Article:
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What is Technical Analysis?

Updated on October 2, 2022 , 7249 views

Technical Analysis as the word says seems to be technical, however, its actual meaning is slightly different from its name. In this article, we shall have a deeper look into the definition of technical analysis, its comparison with fundamental analysis, support and resistance levels, stock charts and interpretations of technical analysis, and other well-known indicators used for technical analysis.

Technical Analysis: Definition

It is a method of forecasting the direction of prices by studying the past Market data. The idea here is to identify price patterns and trends and exploit those patterns. Technical analysts hence try and search for patterns and once these patterns are identified, the idea is to determine possible future movement.

The field of technical analysis is based on three assumptions:

  • The market discounts everything
  • Price moves in trends
  • History tends to repeat itself

Technical Analysis Vs Fundamental Analysis

Fundamental analysis is the study of a security based on fundamentals. Fundamental analysis of a business involves analysing its financial statements and health, its management and competitive advantages, and its competitors and markets. When applied to forex, it focuses on the overall state of the Economy, interest rates, production, Earnings, and management. Fundamental analysis throws up the Intrinsic Value of the stock using certain models (discounted cash flow, dividend discounting model etc.), and if the value of the stock (according to the model) is more than the current price, then the stock is a good buy and vice-versa. As for technical analysis, the only thing that matters is a security's past trading data and what information this data can provide about where the security might move in the future.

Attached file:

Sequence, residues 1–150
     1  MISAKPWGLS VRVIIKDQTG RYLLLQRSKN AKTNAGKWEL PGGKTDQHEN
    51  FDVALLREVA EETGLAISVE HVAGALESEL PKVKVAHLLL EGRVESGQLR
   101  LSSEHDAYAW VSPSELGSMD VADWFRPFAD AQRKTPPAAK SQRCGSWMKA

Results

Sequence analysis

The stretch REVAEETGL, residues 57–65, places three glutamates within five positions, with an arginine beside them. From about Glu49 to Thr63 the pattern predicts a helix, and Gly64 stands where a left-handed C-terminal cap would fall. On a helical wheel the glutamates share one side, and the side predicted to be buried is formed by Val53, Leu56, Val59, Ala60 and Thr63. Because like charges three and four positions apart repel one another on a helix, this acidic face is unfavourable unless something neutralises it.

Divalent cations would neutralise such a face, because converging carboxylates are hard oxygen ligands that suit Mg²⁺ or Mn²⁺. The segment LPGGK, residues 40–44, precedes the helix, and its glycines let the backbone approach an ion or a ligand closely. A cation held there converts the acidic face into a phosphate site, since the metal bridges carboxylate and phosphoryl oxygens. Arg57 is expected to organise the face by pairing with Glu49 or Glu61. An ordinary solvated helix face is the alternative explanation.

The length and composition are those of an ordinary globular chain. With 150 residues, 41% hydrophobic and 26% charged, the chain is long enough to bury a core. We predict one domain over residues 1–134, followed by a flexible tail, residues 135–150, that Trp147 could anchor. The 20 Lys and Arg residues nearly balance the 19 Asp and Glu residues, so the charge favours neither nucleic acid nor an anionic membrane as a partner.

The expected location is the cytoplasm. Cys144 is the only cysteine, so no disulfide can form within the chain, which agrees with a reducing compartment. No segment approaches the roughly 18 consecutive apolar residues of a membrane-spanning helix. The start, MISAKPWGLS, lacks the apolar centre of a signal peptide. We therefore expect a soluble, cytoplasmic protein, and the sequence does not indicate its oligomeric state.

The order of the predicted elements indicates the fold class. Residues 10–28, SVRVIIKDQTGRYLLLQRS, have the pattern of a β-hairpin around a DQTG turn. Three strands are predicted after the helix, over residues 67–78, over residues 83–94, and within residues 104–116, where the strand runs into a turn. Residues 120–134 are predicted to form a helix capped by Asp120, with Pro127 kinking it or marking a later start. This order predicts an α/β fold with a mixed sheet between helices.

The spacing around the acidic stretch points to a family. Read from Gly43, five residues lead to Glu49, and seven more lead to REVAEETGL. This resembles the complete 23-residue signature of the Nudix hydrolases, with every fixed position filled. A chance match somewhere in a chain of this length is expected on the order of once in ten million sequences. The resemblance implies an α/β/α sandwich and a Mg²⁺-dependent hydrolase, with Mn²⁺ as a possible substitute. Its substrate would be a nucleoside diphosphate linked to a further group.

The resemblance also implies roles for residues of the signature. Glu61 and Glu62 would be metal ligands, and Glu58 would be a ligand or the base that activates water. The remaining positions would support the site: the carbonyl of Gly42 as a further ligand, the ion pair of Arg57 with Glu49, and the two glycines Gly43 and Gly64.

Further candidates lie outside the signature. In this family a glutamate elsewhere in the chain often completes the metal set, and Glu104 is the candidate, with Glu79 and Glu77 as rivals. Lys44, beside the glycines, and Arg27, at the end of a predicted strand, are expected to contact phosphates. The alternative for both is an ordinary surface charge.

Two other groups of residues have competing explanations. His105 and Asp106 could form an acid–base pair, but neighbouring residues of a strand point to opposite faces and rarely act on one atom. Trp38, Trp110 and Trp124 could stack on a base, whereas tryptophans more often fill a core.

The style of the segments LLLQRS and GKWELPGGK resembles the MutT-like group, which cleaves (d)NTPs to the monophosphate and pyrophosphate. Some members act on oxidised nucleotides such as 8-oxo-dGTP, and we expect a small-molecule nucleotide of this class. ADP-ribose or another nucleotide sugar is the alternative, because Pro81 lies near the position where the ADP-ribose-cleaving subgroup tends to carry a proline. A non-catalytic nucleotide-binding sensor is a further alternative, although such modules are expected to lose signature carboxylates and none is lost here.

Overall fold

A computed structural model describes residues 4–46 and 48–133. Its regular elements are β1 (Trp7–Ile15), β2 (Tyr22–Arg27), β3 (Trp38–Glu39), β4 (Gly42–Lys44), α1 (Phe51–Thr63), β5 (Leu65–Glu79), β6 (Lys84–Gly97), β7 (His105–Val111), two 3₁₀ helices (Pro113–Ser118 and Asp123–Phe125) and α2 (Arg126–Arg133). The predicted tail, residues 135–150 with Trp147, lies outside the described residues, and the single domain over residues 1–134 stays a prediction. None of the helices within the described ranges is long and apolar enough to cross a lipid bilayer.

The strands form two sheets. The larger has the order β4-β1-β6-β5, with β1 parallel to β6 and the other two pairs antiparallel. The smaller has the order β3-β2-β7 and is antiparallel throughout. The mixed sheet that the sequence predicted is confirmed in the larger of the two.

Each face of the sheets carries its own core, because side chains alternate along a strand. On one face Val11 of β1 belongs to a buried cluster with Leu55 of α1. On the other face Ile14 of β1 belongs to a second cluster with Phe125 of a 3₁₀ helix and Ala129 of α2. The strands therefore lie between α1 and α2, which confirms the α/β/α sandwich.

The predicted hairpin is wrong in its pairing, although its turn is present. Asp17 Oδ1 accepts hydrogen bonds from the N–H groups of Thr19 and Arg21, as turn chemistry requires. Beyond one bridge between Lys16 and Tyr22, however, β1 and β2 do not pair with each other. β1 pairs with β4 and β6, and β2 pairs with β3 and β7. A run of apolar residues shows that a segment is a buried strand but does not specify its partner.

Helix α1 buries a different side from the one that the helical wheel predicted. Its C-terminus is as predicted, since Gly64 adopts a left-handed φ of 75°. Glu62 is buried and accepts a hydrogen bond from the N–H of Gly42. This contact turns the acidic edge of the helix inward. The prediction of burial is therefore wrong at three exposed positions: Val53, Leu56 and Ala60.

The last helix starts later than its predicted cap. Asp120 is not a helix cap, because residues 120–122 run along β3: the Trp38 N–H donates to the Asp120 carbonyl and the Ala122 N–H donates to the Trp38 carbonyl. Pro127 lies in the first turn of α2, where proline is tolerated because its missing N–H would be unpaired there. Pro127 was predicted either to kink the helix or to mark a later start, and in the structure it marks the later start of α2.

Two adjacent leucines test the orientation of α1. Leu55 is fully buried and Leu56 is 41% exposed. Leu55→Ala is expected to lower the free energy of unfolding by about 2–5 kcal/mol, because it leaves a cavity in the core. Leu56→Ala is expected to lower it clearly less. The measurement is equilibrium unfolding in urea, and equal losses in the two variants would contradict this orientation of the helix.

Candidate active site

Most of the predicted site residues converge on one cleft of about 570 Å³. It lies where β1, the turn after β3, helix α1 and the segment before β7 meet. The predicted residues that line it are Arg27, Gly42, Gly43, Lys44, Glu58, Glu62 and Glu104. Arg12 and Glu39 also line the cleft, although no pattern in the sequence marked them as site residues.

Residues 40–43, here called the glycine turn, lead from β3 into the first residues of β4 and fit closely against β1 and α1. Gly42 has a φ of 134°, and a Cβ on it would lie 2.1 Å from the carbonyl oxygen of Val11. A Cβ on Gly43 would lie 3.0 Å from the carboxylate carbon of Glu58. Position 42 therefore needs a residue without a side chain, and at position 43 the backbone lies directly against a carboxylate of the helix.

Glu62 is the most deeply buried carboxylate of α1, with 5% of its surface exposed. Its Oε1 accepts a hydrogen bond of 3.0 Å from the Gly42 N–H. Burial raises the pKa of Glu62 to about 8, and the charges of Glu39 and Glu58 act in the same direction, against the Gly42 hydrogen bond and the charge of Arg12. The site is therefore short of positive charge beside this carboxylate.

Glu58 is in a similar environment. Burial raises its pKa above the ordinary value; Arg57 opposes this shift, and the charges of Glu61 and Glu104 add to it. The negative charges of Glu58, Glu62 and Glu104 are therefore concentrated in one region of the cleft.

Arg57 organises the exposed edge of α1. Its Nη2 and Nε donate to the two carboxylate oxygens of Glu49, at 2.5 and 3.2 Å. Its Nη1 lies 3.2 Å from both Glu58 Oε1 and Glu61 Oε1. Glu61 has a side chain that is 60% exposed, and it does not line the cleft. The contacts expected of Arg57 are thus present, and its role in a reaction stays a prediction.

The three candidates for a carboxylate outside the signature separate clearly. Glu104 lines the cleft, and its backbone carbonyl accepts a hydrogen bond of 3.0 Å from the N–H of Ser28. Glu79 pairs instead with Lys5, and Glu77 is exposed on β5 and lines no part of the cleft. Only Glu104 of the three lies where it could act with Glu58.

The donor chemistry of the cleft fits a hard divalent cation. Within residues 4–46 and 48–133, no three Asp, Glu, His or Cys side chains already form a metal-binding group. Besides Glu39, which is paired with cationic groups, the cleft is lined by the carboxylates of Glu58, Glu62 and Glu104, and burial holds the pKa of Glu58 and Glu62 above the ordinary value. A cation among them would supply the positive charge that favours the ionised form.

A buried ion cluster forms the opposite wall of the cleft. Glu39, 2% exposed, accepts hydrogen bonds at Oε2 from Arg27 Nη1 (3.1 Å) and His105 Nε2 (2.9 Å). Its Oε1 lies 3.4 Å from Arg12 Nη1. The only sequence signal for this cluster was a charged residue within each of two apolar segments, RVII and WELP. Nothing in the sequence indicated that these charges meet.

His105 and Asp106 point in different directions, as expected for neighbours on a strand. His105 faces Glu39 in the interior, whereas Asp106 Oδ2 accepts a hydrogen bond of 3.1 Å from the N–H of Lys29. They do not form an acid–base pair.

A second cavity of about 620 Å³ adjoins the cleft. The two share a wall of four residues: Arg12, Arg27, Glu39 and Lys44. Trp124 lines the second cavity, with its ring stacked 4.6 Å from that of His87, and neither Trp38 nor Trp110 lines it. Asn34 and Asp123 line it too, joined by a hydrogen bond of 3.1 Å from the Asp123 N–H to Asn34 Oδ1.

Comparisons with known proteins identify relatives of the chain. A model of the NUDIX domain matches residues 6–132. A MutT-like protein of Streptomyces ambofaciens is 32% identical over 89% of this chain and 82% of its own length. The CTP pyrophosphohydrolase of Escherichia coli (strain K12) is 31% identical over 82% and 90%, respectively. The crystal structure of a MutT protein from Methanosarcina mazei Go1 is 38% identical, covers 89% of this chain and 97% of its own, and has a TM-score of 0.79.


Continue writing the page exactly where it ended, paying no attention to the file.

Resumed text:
Another critical difference is in the time-frame used for both. Fundamental analysis takes a relatively long-term approach to analysing the market compared to technical analysis. While technical analysis can be used on a timeframe of weeks, days or even minutes, fundamental analysis often looks at data over a number of years.

However, both complement each other as Fundamental Analysis helps to find ‘what to buy’ and Technical Analysis ‘when to buy’.

Technical analysis can be done with stocks, futures and commodities, fixed-Income securities, forex, etc. Hence, as a matter of fact, technical analysis looks to analyse price trends of any security!

Firstly, we must understand the meaning of trends. An uptrend means a series of higher highs and higher lows (unlike the interpretation of a one-way upward movement). The new highs made are higher than the earlier ones, and the lows are also higher! Similarly, a downtrend is a series of lower lows and lower highs. If the peaks and troughs are neither higher nor lower, the market could be said to exhibit a sideways movement.

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Support and Resistance Levels

Well, support levels are price points that are seen as floors and these levels prevent the price of the security from going down further. At support levels, the demand for the security is higher than supply. Look at the graph of the S&P 500 below, the red line is the support level.

Support-Level

Now as for resistance, resistance levels are also regarded as a ceiling because these price levels prevent the market from moving prices upward. To explain this further have a look at the graph of the BSE Sensex below, clearly, the red line is the resistance level.

Resistance-levels

A break over the resistance or below the support happens if the price of the security in question consistently breaks away from the level. Therefore, at resistance levels, the supply of the security is higher than demand.

So now we’ve learnt some basic principles about technical analysis, let’s learn some basic terms before we move onto charts and interpretations.

Stock Charts and Interpretations used in Technical Analysis

Now moving onto charting let's look at some basic charts that technical analysts use. The various chart types are line chart, Candlestick charts, bars etc. Moving averages are indicators and not chart type.

One of the most common methods used to calculate the moving average of prices is Moving Average chart. It simply takes the sum of all of the past closing prices over the time period and divides the result by the number of prices used in the calculation. For example, in a 10-day moving average, the last 10 closing prices are added together and then divided by 10. Increasing the number of time periods in the calculation is one of the best ways to gauge the strength of the long-term trend and the likelihood that it will reverse. Have a look at the graph below; here we have the 10-day & 50-day moving an average of the Sensex;

10-day-and-50-day-moving-averages